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In some way, the sense of community togetherness during lockdown and collective rejoicing at its end, and the subsequent but contradictory social wariness and awkwardness that for some of us has replaced the enforced isolation is reminiscent of the practical experience for local communities and their returning soldiers during the twentieth century’s world wars. Connected but separate.
The experiences of home community and those serving on their behalf were never parallel and, understandably, that gap could never completely close. Thus, veterans’ associations have played a varying but important role in the everyday life of those returned from service. For a significant number of returned personnel the ongoing companionship and support of those who shared related memories and feelings was a critical, ongoing part of their post-war civilian life.
Image: 21 Battalion Association club rooms, August 2005. © Auckland Museum CC BY
The 21st Battalion Association was one such organisation. It came into being on 18 May 1955 with the aim to ‘bring together for mutual enjoyment and assistance all ex-members of the 21st Battalion and their next of kin’. The battalion had been created in 1940, its ranks drawn primarily from Auckland city and districts and Northland, but included men from the Waikato and Hauraki districts, and saw action in Greece, Crete, North Africa and Italy including the battles of Takrouna, El Alamein, Sangro and Cassino, names which are well-known to many New Zealanders. Association membership was open to all who had served in this battalion and to the families of those who had lost their lives.
Veteran welfare was the association’s focus. The members lived out the association motto ‘Comradeship’, marching together as a unit on Anzac Days, running Poppy Day stalls, enjoying regular social evenings, maintaining a newsletter, arranging hospital visits, and otherwise providing active care and friendship for each other. At its peak membership was over 1400, and in 1966-67 the 21st Battalion became one of the few unit associations to have its own clubroom, in Auckland although local membership branches operated in south Auckland, Dargaville, Whangarei and Hamilton.
Image: 21st Battalion Association members outside their club rooms, August 2005. © Auckland Museum CC BY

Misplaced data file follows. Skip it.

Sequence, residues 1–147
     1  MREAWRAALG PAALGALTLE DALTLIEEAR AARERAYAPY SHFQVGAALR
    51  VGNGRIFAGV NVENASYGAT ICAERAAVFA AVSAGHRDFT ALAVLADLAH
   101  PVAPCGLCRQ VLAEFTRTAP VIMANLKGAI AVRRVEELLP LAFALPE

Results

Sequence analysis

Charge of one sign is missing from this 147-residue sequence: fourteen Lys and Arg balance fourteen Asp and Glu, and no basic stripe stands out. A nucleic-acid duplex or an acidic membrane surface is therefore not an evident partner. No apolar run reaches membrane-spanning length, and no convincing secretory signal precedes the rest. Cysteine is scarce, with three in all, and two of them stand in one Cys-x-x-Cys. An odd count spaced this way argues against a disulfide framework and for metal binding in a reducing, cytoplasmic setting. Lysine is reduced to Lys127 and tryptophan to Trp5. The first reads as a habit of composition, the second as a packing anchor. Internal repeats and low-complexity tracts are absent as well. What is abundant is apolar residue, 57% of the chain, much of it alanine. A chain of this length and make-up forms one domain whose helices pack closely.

Activities changed over the years with the aging of the membership until the association became non-viable and, in 2005, formally resolved to sound the Last Post. With this decision came the offer to present their collections – the battalion memories - to Auckland War Memorial Museum.
The association collection comprises battalion and war memorabilia related to this extensive service, but is also significant for its record of the life of a welfare organisation over 50 years of operation and the insights this offers into the experiences of returned servicemen ‘back home’. Association archives and administrative collectibles, including photographs, and clubroom furniture and furnishings document the everyday operation, advocacy, decision-making and comfort provided by a vital service which was nevertheless largely invisible to the wider public except on certain days of the year.
Image: 21st Battalion members, [Papakura Military Camp], February 1940. AWMM. PH-ALB-550-23-p5.
The year following the donation, 2006, was officially designated Year of the Veteran. Auckland Museum was honoured to recognise this year with an exhibition that replicated the 21st Battalion Association clubrooms. At the opening of the exhibition, Clem Hollies, the last president of the association, addressed the veterans who were attending the event. ‘… I know most of you here,’ he said, ‘still re-live those turbulent years when as young men you left these shores and headed for the unknown. You will recall those comrades and friends of more than 60 years ago. Those with whom we went into camp and overseas, shared tents and cabins and bivouacs and billets and prisoner-of-war huts and hospital wards. Those whom we looked after or who looked after us. They were our cooks, our drivers, our medics, our mortar and anti-tank crews, our officers, our NCO’s. They were our mates on leave who made sure we got back to camp on time. Or perhaps they were those habitual over-stayers who finished up in the glasshouse. But they were all our comrades-in-arms and though none called themselves crusaders, each did his share…’
And here is the essence of the veterans’ association that can never be fully understood by those who did not serve, regardless of a desire to do so and to provide support: a cohort of men and women that is necessarily dispersed upon return to effectively disappear into a society that while once familiar may not be so easy to adjust to again. The 21st Battalion Association collection offers us a glimpse into this world and all that it meant.
Thank you 21st Battalion for that gift.
Image: 21st Battalion Association members' 'Last Post' noticeboard recording the members who had passed on or been taken ill since the previous newsletter. The blackboard carries the last list prior to the clubroom’s closure in 2006. Blackboard, 2019.62.326 © Auckland Museum CC BY